What Is An Each Way Bet?
Here at Which Bookie, our aim is to make online betting simple, fun and profitable for everyone. That’s why we provide a range of guides and tutorials for beginners all the way to experienced punters. Today, we’re going to look at each way betting.
So what exactly is an each way bet? What sports can you use them on? How do they work, how much do you have to stake, and what are the returns? We’ll explain everything, using some real life examples. So grab a coffee, make yourself comfortable, and let’s get started…
What Does Each Way Mean?
An each way bet is traditionally used in horse racing, but it can also be used in greyhound racing, football, golf or tennis. We’ll look at how it works with these sports in more detail later.
When you bet each way, your stake is split into two equal parts and you are actually placing two separate bets. This happens automatically when you tick “E/W” on your betslip. One half of your stake is used to back your selection to win. The other half is used to back your selection to place.
If your selection wins, then both of these bets also win, meaning you get the maximum possible return. If your selection places, then the win part of your bet loses, but the place part wins. Depending on the odds, this means that you can potentially still make a decent profit even if your selection isn’t actually the winner.
How To Place An Each Way Bet
So how do you actually place an each way bet? Let’s look at an example. In this case, we’re betting on a horse race at 32Red Sport, as they normally have pretty good each way terms. However, the process would be very similar at any of the other top online bookies.
We’ve picked a race at Newton Abbot and decided to back a horse called Thundering Home. In this case, there’s no particular reason for choosing this horse other than the fact that, with a name like that, we’re expecting it to win!
As usual, you just need to click on the selection to add it to the betslip, and then enter your stake. This shows that the odds on the horse to win are 10/1 and that a £5 stake would return £55.
However, in this case we don’t just want to back it to win, we want to bet each way. So to do this you would just need to click the E/W button on the betslip. When you do that, you’ll notice that the total stake has changed to £10, because remember that when we bet each way we are actually making two bets.
The potential payout has also changed, but this hasn’t doubled like the stake has. In fact it only increased from £55 to £72.50. Now let’s take a look at how they work this out.
How Much Does It Pay Out?
So now you know how they work, but how do you calculate the returns on an each way bet? Let’s return to the example above and break it down.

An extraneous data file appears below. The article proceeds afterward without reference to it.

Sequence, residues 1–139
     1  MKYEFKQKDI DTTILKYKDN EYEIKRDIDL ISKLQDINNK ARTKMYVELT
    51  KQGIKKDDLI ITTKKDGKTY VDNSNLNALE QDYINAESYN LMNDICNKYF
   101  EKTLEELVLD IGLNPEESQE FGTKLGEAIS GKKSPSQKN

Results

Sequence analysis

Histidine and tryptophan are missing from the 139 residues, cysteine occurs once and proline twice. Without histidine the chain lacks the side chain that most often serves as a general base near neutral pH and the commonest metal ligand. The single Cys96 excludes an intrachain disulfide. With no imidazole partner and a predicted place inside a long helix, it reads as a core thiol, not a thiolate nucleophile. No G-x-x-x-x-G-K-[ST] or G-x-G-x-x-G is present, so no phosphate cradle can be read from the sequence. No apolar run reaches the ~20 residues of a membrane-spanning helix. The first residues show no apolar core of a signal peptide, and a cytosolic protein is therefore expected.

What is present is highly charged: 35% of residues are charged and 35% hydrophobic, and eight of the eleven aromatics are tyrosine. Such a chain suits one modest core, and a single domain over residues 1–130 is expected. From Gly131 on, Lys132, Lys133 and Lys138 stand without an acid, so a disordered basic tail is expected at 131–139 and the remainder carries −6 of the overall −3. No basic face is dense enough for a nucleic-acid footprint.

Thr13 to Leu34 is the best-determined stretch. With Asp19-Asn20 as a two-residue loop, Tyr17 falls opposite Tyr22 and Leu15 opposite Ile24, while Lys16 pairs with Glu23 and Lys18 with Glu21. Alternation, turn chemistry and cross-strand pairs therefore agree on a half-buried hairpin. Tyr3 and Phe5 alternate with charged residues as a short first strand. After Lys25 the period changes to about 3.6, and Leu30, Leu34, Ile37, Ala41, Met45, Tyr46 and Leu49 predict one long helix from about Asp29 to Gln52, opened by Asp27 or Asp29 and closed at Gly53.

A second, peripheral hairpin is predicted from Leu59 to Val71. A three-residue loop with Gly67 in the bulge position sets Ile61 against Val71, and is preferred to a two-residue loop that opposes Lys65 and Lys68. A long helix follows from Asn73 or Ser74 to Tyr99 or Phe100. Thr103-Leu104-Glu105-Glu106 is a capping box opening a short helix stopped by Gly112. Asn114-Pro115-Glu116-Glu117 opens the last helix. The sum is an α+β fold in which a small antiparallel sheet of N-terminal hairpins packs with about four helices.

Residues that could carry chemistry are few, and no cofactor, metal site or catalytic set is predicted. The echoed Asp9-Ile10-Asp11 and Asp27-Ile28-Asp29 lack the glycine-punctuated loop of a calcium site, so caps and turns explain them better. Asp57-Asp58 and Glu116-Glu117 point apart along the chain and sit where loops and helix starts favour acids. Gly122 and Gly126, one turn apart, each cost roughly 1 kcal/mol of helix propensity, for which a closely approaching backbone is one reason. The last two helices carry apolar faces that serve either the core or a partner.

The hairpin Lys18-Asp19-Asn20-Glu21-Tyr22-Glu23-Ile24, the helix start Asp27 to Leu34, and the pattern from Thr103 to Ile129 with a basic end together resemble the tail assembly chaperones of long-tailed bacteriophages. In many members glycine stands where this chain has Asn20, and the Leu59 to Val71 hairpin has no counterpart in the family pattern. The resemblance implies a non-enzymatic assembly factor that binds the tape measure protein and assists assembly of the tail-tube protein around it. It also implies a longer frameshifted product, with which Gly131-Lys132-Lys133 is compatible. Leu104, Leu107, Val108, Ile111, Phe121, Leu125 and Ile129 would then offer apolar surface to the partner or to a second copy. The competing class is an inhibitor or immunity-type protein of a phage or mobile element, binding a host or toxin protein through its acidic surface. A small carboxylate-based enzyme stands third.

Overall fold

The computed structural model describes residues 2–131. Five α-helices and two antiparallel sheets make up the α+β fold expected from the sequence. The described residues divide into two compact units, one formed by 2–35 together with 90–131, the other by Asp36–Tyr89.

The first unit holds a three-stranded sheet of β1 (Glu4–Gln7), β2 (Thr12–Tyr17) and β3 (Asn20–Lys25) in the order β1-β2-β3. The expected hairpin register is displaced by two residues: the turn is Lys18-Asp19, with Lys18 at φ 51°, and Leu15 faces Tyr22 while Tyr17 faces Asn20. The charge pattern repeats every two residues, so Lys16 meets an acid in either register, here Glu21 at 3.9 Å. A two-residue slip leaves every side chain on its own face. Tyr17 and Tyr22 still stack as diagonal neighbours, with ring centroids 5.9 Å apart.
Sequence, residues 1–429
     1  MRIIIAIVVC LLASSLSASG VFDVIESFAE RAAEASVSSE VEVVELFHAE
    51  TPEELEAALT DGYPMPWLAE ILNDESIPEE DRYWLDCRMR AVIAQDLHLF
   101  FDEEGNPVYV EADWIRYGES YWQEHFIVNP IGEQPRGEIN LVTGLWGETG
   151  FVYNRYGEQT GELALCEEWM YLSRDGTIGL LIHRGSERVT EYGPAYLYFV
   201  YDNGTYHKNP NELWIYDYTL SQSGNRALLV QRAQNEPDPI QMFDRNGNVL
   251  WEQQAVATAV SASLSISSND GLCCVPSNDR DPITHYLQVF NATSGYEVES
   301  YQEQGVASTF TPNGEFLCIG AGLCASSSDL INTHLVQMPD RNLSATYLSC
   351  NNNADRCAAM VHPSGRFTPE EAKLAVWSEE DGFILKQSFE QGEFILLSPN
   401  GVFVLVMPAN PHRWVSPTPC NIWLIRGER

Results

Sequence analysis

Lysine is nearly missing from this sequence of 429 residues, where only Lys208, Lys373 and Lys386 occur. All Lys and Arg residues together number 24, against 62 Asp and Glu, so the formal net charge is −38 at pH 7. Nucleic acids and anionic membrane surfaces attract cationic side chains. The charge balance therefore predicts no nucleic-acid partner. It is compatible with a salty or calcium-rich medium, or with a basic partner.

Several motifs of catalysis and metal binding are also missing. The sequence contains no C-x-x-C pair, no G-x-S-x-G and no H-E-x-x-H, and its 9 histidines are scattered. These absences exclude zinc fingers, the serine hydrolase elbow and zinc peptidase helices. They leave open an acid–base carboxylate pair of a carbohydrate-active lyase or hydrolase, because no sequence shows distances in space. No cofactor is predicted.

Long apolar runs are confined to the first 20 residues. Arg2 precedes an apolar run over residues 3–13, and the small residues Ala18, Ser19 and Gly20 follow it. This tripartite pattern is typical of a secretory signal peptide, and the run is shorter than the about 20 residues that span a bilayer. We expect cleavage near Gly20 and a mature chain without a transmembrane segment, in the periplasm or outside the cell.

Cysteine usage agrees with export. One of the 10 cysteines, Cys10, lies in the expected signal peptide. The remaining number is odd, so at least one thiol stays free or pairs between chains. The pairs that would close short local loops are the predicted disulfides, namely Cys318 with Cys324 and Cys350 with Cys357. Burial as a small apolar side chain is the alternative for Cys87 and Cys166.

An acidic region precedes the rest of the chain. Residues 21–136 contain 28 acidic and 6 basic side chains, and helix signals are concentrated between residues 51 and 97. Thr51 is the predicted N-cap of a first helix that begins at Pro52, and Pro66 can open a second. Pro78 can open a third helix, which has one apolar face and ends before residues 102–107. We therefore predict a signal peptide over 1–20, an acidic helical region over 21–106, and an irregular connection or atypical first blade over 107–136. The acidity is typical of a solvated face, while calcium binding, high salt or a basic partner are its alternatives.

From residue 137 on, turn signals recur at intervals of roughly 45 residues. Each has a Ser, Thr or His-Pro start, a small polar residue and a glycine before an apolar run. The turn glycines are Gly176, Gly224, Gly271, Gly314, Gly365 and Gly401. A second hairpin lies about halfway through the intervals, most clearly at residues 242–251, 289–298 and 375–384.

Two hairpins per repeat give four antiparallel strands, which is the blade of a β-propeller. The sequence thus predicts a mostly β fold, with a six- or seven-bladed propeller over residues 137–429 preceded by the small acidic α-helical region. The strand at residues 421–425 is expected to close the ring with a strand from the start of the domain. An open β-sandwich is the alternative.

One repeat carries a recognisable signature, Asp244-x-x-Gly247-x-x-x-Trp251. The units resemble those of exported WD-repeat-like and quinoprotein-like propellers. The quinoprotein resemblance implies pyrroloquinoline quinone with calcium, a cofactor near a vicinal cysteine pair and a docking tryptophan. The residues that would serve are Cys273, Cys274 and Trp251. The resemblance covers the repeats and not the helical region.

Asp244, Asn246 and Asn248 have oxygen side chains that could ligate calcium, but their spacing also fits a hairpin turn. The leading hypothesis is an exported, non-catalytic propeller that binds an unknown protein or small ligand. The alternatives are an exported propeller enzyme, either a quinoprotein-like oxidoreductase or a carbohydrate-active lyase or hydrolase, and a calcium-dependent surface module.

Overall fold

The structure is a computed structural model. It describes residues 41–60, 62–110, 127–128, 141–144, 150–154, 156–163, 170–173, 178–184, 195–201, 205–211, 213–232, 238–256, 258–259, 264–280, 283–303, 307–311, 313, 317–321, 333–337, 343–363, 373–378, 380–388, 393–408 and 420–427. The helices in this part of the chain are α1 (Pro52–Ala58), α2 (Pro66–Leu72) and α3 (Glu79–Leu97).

Remember that we have £5 on Thundering Home to win, and £5 on it to place. The win part of the bet is always paid out as normal. As you saw in the first betslip, the £5 win bet at 10/1 would return £55.
The return on the place bet depends on the bookie’s place terms for this race. These can vary quite a lot, depending on how many horses are in the race, and also depending on the bookie themselves. Some bookies pay extra places on certain events, which gives you a better chance of winning.
The place terms are always displayed on the betslip. Look again at the above example and you can see that it says:
Each Way 1/4 1-2-3-4
That means that the bookie is paying 1/4 odds if the horse finishes anywhere in the first 4 places. The win odds are 10/1 so the place odds would be 1/4 of that, which is 2.5/1 (or 5/2 as it would normally be displayed). Therefore the place bet of £5 at 5/2 would return £17.50.
Overall then, if Thundering Home lives up to his name and wins, then both parts of the each way bet will win. The return would be £55 + £17.50 = £72.50.
If he finishes 2nd, 3rd or 4th then only the place bet would win, which means the £10 stake would return £17.50. So we’d still make a profit even if we didn’t quite call the race correctly.
Betting Each Way On Other Sports
We’ve already looked at horse racing in detail, and greyhound racing works in exactly the same way. It’s pretty obvious when you’re betting on the winner of a race, but what about other sports?
Golf betting on outright markets is an ideal opportunity. You can bet each way on the winner of a golf tournament. Therefore, you’d still get a return if your player comes in the top 5, 6 or 7 places on the final leaderboard.
In the same way, with any decent football bookie you can bet each way on a team to win the league. If they don’t win, but still finish in the top 4 or 5, you’d get a return on your bet.
You could back a player to win a tournament each way, and still get a return on your bet if they at least reached the semi finals. Again, any good tennis bookmaker will have an option for this type of bet.
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